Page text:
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Tuesday, January 8, 2013

Tuition Hike in IITs

Anything IIT Council does is worthy of news, and yesterday's meeting has been covered by all newspapers. The headline, of course, is that the IIT Council has decided to increase the under-graduate tuition from 50,000 a year to 90,000 a year from the academic year 2013-14. The fee hike will be applicable only to students who are admitted now and will not affect the existing students. It is to be noted that tuition is paid only by about 50 percent of the under-graduate students. SC/ST students and all other students with annual parental income less than 4.5 lakh rupees will not pay tuition. (Note that I am just quoting from newspapers, and I do not have official Council minutes. In fact, they may not be available for several weeks.)

Of course, this will lead to a hue and cry about whether students with parental income more than 4.5 lakhs can afford it. What is the right model of funding and subsidy for education in top institutions. We will again have debates on how easy or difficult it is to get a bank loan. Whether there should be a mechanism of zero tuition now, but employer paying the education cost later, or higher tax on those who get such education, so that they can pay for education when they can afford it, and not now. And I ain't getting into all this right now.

However, I do not understand the point about exempting current students from a fee hike. It is often said that there is an unwritten contract that we will provide education at a certain cost. If there is one, then shouldn't that cover mess bill, electricity charges, and all other costs that the students have to bear. And is that unwritten contract only between students and government. Is there no unwritten contract between citizens and government. Shouldn't every citizen continue to get at least basic necessities like wheat and rice at the cost determined at the time when their parents decided to conceive. When Government raises price for LPG cylinder, it should be done so only for citizens born after a certain date.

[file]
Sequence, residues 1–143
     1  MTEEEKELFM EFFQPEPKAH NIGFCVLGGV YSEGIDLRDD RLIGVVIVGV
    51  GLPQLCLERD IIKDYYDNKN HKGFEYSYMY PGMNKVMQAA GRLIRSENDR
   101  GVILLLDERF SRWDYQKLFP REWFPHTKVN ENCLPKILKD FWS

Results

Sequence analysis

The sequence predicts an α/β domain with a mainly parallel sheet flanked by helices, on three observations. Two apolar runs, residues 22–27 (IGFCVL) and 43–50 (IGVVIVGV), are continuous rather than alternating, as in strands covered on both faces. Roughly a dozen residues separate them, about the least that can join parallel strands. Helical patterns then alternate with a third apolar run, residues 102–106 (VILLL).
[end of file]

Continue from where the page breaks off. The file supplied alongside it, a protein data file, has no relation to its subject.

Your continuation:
But, of course, tuition will continue to be a small part of our budget, and this increase would not be even noticed in our balance sheet. In that sense, whatever government decides is fine. In the next financial year, IIT Kanpur will have about 830 under-graduate students, out of which about 430 students will pay this increased tuition. So we get an additional Rs. 1.7 crores. With an overall budget of at least Rs. 350 crores, this will hardly make a big difference.